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Scientists & Staff

Christian P. Giardina

Research Ecologist
Institute of Pacific Islands Forestry
60 Nowelo Street
Hilo, Hawaii 96720
Phone: 808-854-2619

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Research Interests

My current research interests include: forest responses to global change; restoration of ecosystem processes in degraded landscapes; and, production ecology and biogeochemistry. This research is important because nutrient cycles determine site fertility and site fertility drives ecosystem productivity, which influence ecosystem food webs. Further, nutrient and carbon cycles are tightly coupled, and carbon cycling has effects on atmospheric carbon dioxide concentrations, which regulate global climate. Global climate influences local climate, with impacts on site fertility, productivity and biodiversity. Currently, I am studying how climate change can be incorporated into landscape restoration and management efforts.

Why This Research is Important

This research is important because global change (climate change,land use, invasive species) are altering nutrient and carbon cycles, which drive site fertility and ecosystem productivity, and cause losses of native species. Global change can also alter forest structure. Taken together these changes can feed back on carbon and nutrient cycles, with negative effects on global climate.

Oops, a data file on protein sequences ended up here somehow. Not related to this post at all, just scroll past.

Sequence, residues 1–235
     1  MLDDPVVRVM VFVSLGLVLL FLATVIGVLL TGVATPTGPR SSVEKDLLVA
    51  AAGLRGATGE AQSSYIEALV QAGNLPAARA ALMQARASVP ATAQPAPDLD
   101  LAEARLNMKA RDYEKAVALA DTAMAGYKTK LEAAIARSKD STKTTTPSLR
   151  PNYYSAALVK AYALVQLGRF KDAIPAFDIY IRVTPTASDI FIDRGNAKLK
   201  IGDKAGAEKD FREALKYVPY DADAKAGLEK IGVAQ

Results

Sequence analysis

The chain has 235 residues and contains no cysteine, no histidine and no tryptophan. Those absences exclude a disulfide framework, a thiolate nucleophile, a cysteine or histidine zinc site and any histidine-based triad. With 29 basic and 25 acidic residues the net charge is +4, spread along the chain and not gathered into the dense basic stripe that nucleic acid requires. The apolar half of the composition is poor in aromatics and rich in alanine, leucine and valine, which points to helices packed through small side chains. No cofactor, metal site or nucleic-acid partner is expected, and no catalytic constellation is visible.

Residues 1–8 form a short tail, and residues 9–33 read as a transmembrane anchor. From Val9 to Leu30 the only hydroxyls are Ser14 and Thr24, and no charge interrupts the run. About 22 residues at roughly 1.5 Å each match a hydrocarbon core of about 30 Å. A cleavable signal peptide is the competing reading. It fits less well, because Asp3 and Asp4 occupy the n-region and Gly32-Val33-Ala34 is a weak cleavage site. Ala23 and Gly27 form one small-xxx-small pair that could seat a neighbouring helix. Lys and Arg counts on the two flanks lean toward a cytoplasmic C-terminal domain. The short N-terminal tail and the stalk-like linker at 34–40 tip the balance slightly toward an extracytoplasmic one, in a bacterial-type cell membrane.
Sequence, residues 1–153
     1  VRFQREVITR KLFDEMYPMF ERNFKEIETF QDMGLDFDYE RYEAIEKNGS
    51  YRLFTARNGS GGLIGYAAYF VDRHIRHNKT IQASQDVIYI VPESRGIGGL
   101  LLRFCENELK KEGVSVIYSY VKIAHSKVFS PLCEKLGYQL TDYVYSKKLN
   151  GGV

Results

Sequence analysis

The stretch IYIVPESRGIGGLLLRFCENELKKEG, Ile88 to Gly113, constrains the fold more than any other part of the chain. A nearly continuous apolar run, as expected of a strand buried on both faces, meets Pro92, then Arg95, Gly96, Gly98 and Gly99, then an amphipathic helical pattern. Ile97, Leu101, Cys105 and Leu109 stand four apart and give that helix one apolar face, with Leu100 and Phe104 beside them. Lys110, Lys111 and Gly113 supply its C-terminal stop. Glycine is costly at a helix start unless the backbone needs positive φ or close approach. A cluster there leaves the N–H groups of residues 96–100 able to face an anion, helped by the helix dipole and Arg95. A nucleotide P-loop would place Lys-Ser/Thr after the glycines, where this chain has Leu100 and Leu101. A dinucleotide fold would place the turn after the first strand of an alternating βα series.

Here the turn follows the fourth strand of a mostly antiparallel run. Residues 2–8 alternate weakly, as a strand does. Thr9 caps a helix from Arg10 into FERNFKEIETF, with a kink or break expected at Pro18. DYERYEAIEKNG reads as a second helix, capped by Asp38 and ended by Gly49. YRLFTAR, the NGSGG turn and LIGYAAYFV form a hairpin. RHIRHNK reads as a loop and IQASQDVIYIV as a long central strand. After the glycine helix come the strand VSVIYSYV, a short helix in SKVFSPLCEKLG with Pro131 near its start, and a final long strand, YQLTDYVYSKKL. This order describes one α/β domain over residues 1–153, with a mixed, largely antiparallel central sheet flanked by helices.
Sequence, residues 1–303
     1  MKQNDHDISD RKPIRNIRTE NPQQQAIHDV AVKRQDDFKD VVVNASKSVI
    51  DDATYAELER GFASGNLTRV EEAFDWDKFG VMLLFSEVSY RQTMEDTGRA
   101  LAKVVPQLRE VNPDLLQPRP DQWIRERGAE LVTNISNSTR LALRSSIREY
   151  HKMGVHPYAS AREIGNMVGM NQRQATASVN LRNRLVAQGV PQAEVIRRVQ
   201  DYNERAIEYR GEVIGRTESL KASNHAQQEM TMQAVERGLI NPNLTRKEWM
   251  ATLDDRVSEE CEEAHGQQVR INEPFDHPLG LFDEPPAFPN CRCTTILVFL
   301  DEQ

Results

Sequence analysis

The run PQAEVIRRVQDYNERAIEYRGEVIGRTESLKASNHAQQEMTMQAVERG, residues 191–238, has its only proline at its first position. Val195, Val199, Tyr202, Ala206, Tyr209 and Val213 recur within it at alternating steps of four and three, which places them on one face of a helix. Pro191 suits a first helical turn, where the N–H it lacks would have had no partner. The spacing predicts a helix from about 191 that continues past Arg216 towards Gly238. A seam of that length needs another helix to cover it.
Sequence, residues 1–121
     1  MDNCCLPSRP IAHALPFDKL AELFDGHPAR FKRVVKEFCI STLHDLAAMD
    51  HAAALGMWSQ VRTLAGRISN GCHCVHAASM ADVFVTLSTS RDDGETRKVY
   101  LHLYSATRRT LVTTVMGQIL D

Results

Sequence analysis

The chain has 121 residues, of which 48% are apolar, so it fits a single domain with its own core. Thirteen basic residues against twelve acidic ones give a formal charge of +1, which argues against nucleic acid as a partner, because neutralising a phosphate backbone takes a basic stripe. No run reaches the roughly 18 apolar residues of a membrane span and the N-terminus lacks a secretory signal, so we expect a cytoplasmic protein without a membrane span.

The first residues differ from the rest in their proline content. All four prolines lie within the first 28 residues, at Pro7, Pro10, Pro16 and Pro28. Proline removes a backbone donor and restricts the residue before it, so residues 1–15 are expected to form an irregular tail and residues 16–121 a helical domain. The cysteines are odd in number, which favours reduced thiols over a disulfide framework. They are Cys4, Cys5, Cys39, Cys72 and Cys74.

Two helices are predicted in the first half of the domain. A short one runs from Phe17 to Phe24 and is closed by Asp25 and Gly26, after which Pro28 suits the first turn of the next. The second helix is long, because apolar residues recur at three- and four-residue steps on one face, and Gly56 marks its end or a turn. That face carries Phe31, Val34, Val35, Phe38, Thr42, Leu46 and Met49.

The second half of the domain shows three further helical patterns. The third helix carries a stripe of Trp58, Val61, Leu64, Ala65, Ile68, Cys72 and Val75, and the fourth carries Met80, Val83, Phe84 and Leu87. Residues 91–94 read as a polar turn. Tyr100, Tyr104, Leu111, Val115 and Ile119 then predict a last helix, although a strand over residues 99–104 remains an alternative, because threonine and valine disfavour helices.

Publications & Products

National Research Highlights

Effects of Rising Temperature on Carbon Cycling and Storage in Ecosystems (2012)
Scientists find that as ecosystems warm, they store more carbon, not less


Soil Carbon Storage in Tropical Montane Forests is Insensitive to Warming (2014)
Soils contain more carbon than the atmosphere and all plant biomass combined. There is fear that warming will greatly increase the net release of this soil carbon to the atmosphere through accelerated decomposition. A research team lead by Forest Service scientists have tested this important theory by investigating how soil carbon stocks changed with temperature across nine permanent plots on windward Hawai‘i Island. The plots are arrayed across a highly constrained 5 degree Celsius mean annual temperature gradient. They found that soil carbon stocks and their turnover were insensitive to warming. And while soil respiration increased with warming, the increase was explained entirely by increased plant productivity, not by accelerated decomposition.


Last updated on : 12-Jun-2015